You will know when you have achieved some significant relaxation because your desire to do another thing, even to breathe, will lose urgency. The logical mind will likely search for something to do at this point. After all, we have trained it to take charge.

To sleep, perchance to dream…

Yes, our logical minds will begin to dream, to speak to us, to ramble. We might even hear things, see things, feel things. Yes, Hamlet, there is the rub.

We will perceive tracks through our minds, but fear not. We have ways of dealing with that, also—simple ways that are rather enjoyable, even amusing.

Next week we will talk about “Hair.” In the meantime, Happy Tracking!

Blessed Breathing

Time will come when all that matters is the next breath. In that moment we will comprehend need and, as the breath comes, gratitude. Imagine contemplating each breath as both a desperate need and as a blessing received. Now, imagine living life as a succession of those moments. That is living prayer.

Note: This blog series investigates twelve attributes I see as conducive to recovery from PTSD (and other past stress) which has become part of our ethos or basic belief system. February is a meditation on harmony.

The word, harmony, derives from a Greek root meaning joint as in the arm. Harmony is a state of being joined—and acceptance of that reality of being connected to other, to Earth, itself.

We all breathe the same air. What one exhales, another inhales. Twelve to twenty times each minute at rest or minimal exercise.

We take a breath every 5 seconds, more under stress.

Tom Brown, Jr. taught us “need” with an example something like this: Imagine holding your breath under water. Imagine the building urgency for your next breath. Hold it longer—until you must exhale and inhale. Hold it still. Now, slowly surface. Just before you reach the surface, you begin to comprehend need.

You might be wondering what this desperation has to do with meditation. Got you thinking about breathing, didn’t it?

“Feelings come and go like clouds in a windy sky. Conscious breathing is my anchor.” (Thích Nhất Hạnh)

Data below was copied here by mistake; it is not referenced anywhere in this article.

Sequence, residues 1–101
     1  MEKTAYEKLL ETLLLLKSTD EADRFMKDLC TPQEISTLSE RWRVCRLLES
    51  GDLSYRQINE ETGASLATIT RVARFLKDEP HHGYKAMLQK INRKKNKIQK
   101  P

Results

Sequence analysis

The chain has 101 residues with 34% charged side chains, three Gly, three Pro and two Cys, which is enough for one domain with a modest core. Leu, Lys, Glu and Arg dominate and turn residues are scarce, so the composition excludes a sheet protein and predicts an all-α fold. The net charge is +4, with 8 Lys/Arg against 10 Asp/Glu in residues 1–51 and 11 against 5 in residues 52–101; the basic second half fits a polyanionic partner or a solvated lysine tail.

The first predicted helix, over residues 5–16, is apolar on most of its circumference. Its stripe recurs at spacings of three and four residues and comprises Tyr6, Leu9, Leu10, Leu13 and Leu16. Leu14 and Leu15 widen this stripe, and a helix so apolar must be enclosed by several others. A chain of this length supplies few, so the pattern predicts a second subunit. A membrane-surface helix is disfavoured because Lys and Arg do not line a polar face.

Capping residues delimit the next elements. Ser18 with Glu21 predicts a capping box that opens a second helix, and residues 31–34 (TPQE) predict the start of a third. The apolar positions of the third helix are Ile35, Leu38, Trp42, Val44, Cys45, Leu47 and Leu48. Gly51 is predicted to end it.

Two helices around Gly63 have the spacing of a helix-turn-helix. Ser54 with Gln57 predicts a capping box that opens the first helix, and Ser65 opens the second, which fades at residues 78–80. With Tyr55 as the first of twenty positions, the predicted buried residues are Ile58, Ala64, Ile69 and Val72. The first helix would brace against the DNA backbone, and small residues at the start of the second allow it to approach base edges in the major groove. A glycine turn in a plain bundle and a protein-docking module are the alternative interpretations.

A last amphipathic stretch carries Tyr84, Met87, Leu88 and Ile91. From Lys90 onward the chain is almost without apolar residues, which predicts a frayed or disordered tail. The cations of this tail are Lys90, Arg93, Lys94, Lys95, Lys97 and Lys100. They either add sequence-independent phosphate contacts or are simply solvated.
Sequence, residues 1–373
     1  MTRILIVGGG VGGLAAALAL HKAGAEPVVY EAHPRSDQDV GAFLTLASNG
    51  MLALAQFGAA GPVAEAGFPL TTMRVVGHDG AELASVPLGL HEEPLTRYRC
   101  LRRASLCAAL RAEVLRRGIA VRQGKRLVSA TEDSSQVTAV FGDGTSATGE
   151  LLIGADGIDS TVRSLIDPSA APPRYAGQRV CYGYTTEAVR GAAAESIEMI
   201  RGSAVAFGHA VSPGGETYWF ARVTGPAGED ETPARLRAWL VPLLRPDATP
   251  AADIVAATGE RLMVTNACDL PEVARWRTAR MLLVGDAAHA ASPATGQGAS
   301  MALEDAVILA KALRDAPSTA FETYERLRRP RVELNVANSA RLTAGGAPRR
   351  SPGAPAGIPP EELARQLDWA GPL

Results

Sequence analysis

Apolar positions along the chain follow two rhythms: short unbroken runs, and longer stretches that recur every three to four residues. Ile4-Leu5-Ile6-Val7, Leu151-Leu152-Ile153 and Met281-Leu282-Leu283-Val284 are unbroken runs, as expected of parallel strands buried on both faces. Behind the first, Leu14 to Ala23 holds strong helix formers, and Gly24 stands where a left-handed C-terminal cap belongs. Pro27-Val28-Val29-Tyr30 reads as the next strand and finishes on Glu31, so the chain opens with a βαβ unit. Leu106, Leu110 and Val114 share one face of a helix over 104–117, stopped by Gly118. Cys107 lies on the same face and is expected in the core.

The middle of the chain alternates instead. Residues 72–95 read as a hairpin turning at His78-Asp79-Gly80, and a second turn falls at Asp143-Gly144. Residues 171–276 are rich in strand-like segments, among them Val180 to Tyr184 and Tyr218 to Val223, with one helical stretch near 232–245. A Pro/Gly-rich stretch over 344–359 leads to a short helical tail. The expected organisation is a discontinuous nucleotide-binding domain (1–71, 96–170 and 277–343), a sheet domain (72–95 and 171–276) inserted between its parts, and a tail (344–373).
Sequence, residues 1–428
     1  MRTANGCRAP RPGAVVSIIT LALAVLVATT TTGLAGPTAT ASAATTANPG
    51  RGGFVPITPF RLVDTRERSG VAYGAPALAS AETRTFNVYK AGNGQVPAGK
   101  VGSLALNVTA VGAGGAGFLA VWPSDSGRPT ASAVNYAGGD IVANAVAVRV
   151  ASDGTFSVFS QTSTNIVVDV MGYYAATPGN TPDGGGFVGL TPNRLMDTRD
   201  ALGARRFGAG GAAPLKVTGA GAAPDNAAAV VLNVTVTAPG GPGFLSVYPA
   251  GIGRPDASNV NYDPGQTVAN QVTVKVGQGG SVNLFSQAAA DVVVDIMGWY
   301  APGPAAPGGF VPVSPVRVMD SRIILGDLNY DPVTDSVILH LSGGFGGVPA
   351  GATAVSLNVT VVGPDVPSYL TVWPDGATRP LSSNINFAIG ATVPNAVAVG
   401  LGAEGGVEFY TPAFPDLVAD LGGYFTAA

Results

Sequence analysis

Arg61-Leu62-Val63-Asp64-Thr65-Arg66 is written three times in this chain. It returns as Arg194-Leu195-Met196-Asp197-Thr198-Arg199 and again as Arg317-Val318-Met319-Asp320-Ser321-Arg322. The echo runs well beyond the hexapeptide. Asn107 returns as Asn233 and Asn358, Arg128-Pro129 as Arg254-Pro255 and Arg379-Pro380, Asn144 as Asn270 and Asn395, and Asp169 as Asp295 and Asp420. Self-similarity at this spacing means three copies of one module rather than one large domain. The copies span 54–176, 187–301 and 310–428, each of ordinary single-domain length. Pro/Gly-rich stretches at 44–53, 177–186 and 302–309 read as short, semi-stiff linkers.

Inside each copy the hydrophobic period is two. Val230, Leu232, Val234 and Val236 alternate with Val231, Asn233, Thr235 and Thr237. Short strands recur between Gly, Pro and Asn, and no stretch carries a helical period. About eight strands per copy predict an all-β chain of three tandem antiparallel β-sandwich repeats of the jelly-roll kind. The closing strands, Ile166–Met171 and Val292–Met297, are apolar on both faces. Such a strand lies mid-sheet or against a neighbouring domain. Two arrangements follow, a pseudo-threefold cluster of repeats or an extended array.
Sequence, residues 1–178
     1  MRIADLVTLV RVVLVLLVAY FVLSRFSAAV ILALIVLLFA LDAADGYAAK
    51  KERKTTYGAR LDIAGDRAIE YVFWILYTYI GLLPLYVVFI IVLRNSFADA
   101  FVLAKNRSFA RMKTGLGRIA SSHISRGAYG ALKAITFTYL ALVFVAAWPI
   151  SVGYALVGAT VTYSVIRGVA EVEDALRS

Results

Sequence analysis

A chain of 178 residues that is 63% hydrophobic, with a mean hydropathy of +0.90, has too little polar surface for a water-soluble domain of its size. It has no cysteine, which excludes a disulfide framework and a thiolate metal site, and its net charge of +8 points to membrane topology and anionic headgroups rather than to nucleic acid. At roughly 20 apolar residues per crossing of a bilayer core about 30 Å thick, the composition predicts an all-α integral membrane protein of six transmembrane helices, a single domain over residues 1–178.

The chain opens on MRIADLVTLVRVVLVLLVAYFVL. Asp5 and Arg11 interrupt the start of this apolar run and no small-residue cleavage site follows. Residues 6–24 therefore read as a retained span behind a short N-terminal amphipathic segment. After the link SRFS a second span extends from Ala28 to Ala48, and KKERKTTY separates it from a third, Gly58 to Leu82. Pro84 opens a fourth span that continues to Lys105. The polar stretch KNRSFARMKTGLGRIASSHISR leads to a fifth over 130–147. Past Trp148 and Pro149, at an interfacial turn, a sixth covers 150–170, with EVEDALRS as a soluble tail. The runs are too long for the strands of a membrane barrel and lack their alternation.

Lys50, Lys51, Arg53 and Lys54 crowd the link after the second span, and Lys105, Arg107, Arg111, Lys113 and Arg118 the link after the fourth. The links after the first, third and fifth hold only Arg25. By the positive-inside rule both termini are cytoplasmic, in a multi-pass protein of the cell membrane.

The second requirement for meditation (after relative comfort) that Tom taught us was controlled breathing. As we walk, sit, or lie in relative comfort, we breathe deliberately. Some may call it a beginning of mindfulness as we take conscious control of an otherwise autonomic function.

I will leave the theories of mindfulness and deep breathing benefits to others, today, and focus on the benefits toward harmony. Deep, controlled breathing contributes to our meditation in three ways I understand. First, it deepens our physical and mental relaxation. Second, it gives our busy logical minds something to do while our emotional minds are free to express feelings. Third, it becomes a metaphoric contemplation on need and blessing.

Intentional breathing generates an internal harmony of mind, body, and spirit as it accepts external harmony with the rest of Creation.

Is there something more you need from life?

Each breath inhaled is a need satisfied. It is a deep prompt for gratitude, and gratitude is healthy. Gratitude is one of those beneficial qualities that slips away from us as we sink deeper into the vulnerable self. One of the first things we lose when we feel threatened is the ability to breathe. We thrust our tongues to the hard palette roof of our mouths and hold our breath. It is a natural response to fear, real or imagined.

Those with Post Traumatic Stress have twenty (20) seconds to intervene—to breathe—before our endocrine systems begin to dump flight/fright hormones into our blood streams. If we miss that deadline, we have twenty (20) minutes to consciously reduce our anxiety before a full-fledged “dinosaur dump” of noradrenergic dysregulation plunges us into three or four days of painful anguish, days in which we just might do some irreversible, regrettable things.

Breathe.

On the other hand, a few minutes of relative comfort, controlled breathing, and body relaxation each day offers the increase of serotonin levels that promises quality sleep at night. We NEED sleep, too.

Are you aware of your breathing? Happy Tracking!